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Tuesday, May 28
The Indiana Daily Student


COLUMN: Looking judgment in the face


When I was in middle school, I probably believed at least half the people in my life hated me, found me annoying or thought I was weird. That might seem extreme, but to me, it made perfect sense, because it was exactly how I viewed a fair amount of my peers as well.  

If someone said they liked a book I liked, I had to be sure that I read it first, understood it better or valued it more than them. If I thought someone was much better looking than me or wore more expensive clothes, I automatically assumed this meant they were less funny or smart.  

Unsurprisingly, middle school was probably emotionally the lowest time of my life thus far. I was deeply insecure and self-doubting, constantly comparing myself to others and feeling envious and spiteful over the things I perceived that I lacked. Though hard to believe with all the criticisms I passed off toward others, I hated myself far more than anyone else. 

As I have grown up, harsh outward judgment has certainly found its way into my daily habits at times — either making me more insecure or surfacing as a result of existing insecurities.  

When I was a 13-year-old girl who was awkwardly tall, with feet a little too big for my body and frizzy hair, there couldn’t have been a more satisfying feeling to me than being confident the prettiest girl I knew of had a rotten personality, bad grades or some other shortcoming. 

In the years since then, the moments I have been most disappointed with myself have often been ones where I realized that people who appeared “better” than me in one aspect don’t necessarily have a massive flaw to justify that. Nor does it have anything to do with how easy or perfect their life is. Many of the people whom I had conjured up illogical personal reasons to loathe were some of the kindest, most interesting and intelligent people I have met once I got to know them better.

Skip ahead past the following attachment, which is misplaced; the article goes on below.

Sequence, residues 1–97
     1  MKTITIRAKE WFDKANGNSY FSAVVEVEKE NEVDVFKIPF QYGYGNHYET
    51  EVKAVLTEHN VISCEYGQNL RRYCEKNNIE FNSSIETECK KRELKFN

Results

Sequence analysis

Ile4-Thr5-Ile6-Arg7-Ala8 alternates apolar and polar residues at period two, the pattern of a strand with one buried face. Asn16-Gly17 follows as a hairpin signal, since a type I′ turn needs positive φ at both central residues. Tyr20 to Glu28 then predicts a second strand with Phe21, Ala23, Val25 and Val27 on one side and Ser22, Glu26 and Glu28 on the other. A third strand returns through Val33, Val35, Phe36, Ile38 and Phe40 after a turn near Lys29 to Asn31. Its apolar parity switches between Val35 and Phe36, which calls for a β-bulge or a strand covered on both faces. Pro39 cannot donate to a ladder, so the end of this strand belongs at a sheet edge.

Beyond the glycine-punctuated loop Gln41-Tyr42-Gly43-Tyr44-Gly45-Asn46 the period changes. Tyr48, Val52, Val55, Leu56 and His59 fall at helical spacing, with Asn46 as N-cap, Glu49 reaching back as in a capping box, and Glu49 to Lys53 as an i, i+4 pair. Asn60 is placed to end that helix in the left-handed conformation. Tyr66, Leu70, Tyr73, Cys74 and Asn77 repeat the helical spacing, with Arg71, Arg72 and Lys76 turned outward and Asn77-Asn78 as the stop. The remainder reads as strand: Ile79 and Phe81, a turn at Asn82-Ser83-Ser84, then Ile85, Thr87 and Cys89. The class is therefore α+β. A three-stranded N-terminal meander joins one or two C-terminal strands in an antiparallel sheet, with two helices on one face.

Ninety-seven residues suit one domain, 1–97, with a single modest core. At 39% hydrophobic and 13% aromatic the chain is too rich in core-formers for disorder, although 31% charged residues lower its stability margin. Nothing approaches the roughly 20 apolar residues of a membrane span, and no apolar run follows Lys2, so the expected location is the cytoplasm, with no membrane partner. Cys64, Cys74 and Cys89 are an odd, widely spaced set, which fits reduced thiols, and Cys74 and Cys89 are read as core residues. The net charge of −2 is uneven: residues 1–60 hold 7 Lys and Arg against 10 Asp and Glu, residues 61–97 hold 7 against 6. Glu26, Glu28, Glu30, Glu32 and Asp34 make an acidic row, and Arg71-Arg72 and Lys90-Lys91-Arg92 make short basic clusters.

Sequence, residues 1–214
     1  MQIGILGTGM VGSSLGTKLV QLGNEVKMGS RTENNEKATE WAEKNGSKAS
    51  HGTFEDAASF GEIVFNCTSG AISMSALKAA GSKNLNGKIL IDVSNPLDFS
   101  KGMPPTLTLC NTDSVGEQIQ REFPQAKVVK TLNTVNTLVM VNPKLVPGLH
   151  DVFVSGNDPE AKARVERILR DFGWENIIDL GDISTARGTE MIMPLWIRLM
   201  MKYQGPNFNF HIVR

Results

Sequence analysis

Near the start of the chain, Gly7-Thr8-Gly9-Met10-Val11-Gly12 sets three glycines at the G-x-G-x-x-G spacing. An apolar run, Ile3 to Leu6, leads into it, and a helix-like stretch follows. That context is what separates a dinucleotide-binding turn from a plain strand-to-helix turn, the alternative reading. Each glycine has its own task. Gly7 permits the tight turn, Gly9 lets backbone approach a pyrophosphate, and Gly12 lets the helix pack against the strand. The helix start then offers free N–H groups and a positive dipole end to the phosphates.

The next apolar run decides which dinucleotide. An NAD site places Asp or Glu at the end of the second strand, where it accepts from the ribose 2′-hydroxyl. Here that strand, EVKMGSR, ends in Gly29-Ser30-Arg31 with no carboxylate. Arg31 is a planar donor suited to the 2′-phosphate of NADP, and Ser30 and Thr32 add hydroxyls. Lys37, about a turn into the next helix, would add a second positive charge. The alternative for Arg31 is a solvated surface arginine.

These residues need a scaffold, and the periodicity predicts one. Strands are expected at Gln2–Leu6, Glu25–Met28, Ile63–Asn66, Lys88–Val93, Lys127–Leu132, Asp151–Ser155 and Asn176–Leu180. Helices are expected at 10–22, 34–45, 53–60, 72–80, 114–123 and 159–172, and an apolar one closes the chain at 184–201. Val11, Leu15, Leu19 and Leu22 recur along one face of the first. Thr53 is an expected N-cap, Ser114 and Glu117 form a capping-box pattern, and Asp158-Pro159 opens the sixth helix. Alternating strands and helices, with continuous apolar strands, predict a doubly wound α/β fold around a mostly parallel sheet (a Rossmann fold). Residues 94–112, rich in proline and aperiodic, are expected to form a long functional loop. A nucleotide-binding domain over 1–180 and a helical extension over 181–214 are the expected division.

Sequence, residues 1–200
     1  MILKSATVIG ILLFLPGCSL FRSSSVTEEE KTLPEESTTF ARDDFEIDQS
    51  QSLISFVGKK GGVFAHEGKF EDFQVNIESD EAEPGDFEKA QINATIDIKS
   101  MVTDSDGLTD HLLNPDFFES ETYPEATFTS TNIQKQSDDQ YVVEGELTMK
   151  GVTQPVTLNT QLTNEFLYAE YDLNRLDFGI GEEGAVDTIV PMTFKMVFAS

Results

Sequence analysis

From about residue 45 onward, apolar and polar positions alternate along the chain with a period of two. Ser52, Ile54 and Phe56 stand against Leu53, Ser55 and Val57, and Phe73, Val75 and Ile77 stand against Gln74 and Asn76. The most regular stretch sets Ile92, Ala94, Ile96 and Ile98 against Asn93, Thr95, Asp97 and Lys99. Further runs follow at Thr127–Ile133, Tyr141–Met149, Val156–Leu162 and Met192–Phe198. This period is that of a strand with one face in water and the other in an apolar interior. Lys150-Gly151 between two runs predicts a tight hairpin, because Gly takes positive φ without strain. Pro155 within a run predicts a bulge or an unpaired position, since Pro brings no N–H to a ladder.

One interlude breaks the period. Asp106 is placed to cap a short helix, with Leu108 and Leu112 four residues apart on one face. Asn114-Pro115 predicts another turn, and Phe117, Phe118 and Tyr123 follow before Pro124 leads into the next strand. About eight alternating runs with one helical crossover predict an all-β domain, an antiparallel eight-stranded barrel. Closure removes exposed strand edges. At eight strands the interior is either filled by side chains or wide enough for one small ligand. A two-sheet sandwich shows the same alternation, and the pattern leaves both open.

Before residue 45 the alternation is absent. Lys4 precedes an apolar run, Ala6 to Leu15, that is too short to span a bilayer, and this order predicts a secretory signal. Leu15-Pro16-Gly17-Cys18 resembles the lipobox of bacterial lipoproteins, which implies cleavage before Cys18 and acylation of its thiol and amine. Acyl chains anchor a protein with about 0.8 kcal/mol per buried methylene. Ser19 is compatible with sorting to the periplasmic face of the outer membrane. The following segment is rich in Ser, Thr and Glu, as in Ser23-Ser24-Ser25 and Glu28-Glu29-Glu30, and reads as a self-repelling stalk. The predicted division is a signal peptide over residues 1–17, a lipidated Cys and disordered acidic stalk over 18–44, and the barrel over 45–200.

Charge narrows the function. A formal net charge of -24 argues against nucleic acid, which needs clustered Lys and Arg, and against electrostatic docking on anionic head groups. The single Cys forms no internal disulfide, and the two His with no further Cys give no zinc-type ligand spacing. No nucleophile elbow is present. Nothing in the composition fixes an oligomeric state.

I have experienced nasty exposures of my stubborn, naive external judgments when I learned something about someone that did not fit within the narrative I created of them — especially when this surprising aspect of their lives was something I also struggled with. 

“They’re just jealous of you,” many of us have heard from adults growing up if someone was bullying or talking badly about us. Maybe you have said this to comfort people in your life when you heard they were being criticized. I always thought it was a bit corny, but there is truth to the statement. 

My harshest, most frequent and most unsupported judgments of others are often projections of my own self-doubt.  

Some of the best, most interesting people I have met and have the privilege to call my friends, mentors and peers are people I likely would not have opened my heart to if I had maintained my miserable middle school attitude.  

Judgment, while inevitably a useful natural human action of evaluation, is something I find many of us allow our brains to do with far too little discretion or conscious interrogation. Of course, it would be impossible to completely stop ourselves from drawing conclusions, including completely uninformed ones, altogether.  

The brain will always observe that someone may be old, young, tall or loud. However, it is beyond valuable to consciously interfere with your brain when it begins classifying these observations into connotative categories.  

With the people I already know, I have found it incredibly healing and strengthening to my relationships when I am able to consciously stop myself from forming stubborn judgments about their personality or actions. 

Working to let go of immediate and stubborn judgments has helped me find more friends and nurture these relationships, value myself more and appreciate others for who they are — even if their existence does not inherently make me feel any better about myself. It is far easier to enjoy the activities you do, the interests you have and the people you meet when you withhold judgments, avoid drawing quick conclusions and assume the best of others’ intentions and personalities.  

We are all changing, growing and learning every day. When you can give your peers and loved ones the space to do this, it will be infinitely easier for you to do the same. 

Leila Faraday (she/her) is a sophomore studying policy analysis with minors in geography and urban planning. 

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